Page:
Tāmaki Innovation Campus


UNILATERAL HEARING LOSS STUDY


Oscar Canete Oscar Cañete

Globe-trotting Oscar Cañete has notched up Chile, New Zealand and now Denmark in his academic career so far, and admits he remains open to any ideas as to what the future might bring.

Oscar completed his professional degree at the Universidad de Chile in Medical Technology majoring in ENT. He became the clinical audiologist at its ENT department at the Hospital Padre Hurtado in Santiago of Chile, providing services such as hearing/balance assessment in children and adults and hearing rehabilitation (e.g. hearing aids) in children and adults as well.  

He also ran an early hearing loss identification programme and aural rehabilitation program for elderly clients in the hospital.    At the Universidad Andres Bello (Chile) he was in charge of the clinical electrophysiology paper for audiology students and was the research project supervisor for audiology students for five years. 

In planning his next career move, Oscar then applied for one of the annual scholarships provided by the Chilean government for postgraduate studies abroad.

“There are about 400 scholarships for PhD studies each year, and it can be in any field. Applications are analysed by              a committee, who score it according a scale (e.g. experience, publications, ranking of the University where you are applying, etc.). When I applied I was #41 out of 400 scholarships awarded that year, so I felt pretty good about my chances.   

“When I was looking for a suitable programme, I came across with the work of Professor Suzanne Purdy, so I emailed her asking whether there was the opportunity to do a PhD with her. She gave me some topics and that inspired me to apply to            the University of Auckland to work with her.”

Oscar Cañete completed his PhD in Speech Science on the Tāmaki Campus in the School of Psychology and says his clinical experience in Chile proved useful. His PhD topic looked at the effects of a unilateral hearing loss in children and adults.

He explains: “We wanted to know how people who present this condition are affected in daily life. Traditionally, people who have a problem in just one ear are not considered for amplification (e.g. hearing aids) as there is the idea that one ear will be enough to develop language or listening in challenging situations. We think that my research will support further research in      a longitudinal study of brain responses of babies with unilateral hearing loss (my research just covered school age children). But the information collected supports the idea that people with this condition presented difficulties which could be diminished with the help of amplification devices such as hearing aids or remote microphone systems.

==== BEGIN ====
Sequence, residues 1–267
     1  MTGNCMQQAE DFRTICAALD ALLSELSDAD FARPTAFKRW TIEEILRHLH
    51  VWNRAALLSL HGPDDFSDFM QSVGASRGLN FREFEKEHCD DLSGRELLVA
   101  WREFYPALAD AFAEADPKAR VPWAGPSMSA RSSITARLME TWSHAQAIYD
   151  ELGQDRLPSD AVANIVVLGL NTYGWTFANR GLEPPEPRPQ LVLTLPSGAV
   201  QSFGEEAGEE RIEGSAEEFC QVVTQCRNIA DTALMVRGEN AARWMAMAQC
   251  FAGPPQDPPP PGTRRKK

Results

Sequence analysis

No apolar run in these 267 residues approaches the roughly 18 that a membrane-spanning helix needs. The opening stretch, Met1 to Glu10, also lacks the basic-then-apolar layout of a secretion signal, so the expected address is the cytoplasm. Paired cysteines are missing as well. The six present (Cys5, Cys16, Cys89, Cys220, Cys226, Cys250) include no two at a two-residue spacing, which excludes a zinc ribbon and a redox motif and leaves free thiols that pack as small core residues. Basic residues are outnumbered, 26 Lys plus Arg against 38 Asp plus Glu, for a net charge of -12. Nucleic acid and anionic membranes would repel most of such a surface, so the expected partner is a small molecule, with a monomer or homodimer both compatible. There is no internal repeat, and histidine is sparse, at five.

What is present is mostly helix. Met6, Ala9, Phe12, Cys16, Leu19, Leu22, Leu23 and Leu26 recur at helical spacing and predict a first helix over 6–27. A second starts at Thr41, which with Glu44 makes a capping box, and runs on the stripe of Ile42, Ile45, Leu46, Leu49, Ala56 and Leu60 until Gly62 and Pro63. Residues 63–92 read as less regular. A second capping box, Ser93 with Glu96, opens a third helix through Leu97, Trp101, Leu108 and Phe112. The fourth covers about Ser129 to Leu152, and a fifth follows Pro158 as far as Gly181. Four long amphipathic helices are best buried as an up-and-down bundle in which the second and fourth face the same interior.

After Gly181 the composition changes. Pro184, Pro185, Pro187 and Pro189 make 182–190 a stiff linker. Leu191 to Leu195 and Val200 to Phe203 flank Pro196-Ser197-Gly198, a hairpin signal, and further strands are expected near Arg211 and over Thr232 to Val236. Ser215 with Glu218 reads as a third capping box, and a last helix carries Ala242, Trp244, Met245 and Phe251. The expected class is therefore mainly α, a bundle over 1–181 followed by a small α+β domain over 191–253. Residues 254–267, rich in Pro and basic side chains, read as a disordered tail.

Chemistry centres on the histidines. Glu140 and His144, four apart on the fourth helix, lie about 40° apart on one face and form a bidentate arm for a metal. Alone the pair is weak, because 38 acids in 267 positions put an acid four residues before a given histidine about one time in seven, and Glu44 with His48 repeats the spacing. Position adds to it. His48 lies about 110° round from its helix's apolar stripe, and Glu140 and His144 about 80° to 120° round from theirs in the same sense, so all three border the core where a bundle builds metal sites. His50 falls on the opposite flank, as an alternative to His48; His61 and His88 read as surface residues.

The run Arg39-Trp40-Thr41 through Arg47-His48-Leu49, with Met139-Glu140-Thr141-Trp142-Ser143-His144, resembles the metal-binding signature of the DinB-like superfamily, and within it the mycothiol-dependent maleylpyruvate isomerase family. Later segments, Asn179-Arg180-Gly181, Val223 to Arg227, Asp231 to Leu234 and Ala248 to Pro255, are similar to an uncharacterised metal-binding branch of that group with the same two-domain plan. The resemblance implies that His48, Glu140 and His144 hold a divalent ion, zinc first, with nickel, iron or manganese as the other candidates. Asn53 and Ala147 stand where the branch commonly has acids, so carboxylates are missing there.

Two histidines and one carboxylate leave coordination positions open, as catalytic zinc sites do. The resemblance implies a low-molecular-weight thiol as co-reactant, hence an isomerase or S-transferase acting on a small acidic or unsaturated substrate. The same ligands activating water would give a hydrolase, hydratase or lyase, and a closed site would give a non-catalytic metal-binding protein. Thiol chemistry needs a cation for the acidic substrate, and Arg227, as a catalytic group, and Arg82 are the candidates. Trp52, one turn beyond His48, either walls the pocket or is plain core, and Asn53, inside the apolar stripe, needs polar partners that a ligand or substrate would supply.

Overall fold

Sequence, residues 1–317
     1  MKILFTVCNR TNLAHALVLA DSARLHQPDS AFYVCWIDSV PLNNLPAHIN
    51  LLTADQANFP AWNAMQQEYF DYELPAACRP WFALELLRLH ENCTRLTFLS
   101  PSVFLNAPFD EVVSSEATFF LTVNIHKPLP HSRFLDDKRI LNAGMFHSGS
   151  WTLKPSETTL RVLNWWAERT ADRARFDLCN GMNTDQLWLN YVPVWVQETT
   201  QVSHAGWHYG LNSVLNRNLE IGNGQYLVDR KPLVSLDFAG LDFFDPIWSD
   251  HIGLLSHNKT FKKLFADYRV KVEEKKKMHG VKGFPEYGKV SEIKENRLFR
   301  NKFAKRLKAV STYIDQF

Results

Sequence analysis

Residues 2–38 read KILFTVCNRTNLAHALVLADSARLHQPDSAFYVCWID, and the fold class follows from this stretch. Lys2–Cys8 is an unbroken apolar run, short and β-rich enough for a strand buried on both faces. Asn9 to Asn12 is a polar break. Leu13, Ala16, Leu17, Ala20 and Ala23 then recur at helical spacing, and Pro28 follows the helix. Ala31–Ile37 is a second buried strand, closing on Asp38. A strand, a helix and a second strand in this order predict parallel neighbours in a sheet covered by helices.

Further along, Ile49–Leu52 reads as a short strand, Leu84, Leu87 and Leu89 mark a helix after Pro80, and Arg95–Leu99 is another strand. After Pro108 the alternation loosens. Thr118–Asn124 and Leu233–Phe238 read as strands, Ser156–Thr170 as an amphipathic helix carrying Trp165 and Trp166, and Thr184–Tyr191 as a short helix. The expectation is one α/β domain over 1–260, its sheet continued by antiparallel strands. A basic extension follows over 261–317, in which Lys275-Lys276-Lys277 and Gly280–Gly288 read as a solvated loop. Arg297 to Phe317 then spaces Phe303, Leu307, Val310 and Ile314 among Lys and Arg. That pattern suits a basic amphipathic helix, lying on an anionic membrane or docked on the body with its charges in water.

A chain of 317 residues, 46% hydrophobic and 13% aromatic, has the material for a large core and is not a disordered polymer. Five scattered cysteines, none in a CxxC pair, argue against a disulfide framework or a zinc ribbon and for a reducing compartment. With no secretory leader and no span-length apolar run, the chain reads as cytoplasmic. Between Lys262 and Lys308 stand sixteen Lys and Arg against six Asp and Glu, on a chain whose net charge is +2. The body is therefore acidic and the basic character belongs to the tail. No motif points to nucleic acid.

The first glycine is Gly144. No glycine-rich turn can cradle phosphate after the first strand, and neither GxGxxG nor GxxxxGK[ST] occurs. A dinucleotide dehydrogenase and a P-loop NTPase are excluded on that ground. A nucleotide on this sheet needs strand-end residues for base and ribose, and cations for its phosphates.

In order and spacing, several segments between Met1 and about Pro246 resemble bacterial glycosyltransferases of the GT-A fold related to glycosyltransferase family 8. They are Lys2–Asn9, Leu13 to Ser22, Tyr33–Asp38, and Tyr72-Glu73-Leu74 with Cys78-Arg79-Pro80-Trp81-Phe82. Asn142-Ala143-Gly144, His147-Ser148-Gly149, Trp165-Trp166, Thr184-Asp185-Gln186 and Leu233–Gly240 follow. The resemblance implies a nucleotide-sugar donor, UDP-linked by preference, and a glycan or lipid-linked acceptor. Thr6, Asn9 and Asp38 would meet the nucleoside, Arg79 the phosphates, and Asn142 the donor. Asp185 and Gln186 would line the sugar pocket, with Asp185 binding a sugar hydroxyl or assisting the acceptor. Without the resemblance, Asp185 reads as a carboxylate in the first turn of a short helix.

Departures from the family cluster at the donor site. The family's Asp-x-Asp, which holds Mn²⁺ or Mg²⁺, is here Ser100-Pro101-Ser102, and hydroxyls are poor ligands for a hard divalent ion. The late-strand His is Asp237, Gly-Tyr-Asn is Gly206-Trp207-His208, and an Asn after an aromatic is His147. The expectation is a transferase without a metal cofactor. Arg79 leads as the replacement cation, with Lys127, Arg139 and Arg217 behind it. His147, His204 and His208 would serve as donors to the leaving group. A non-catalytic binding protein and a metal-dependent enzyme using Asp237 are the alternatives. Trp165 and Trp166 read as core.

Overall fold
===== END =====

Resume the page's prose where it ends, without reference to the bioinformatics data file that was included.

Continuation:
He notes the challenges he faces are similar to many other doctoral candidates at Tāmaki, for whom English is a second language. “A big obstacle for me during my PhD was writing a PhD thesis in another language; it proved quite challenging.       My supervisor had very important role and Professor Purdy was supportive helping me to improve my language skills every day.“

An unusual feature of his research indicated that children and adults with unilateral hearing loss presented several problems:   an increase of the effort in everyday listening situations, and that the “normal” ear is not totally normal (which is particularly interesting as normally research has been focussed just on the “bad” ear).

Oscar’s work has been published in international journals and he has presented his work in conferences and meetings in Australia, Korea, Canada and the USA.

“I’m really proud that most of my PhD work has been disseminated, contributing to the knowledge of the topic in the audiological field. I’ve always wanted to work with people who need medical assistance and help them improve their quality of life. Audiology allows me to help in the important area of communication.”

Just a few months ago, Oscar took up a position at the Technical University of Denmark (DTU) well recognised internationally for its work in audiology.  He notes Denmark has three of the most significant hearing aids companies and advanced hearing assessment equipment for its research. He is working on BEAR (Better Hearing Rehabilitation Project), which aims to improve hearing rehabilitation in Denmark and around the world through an evidence-based renewal of clinical practice.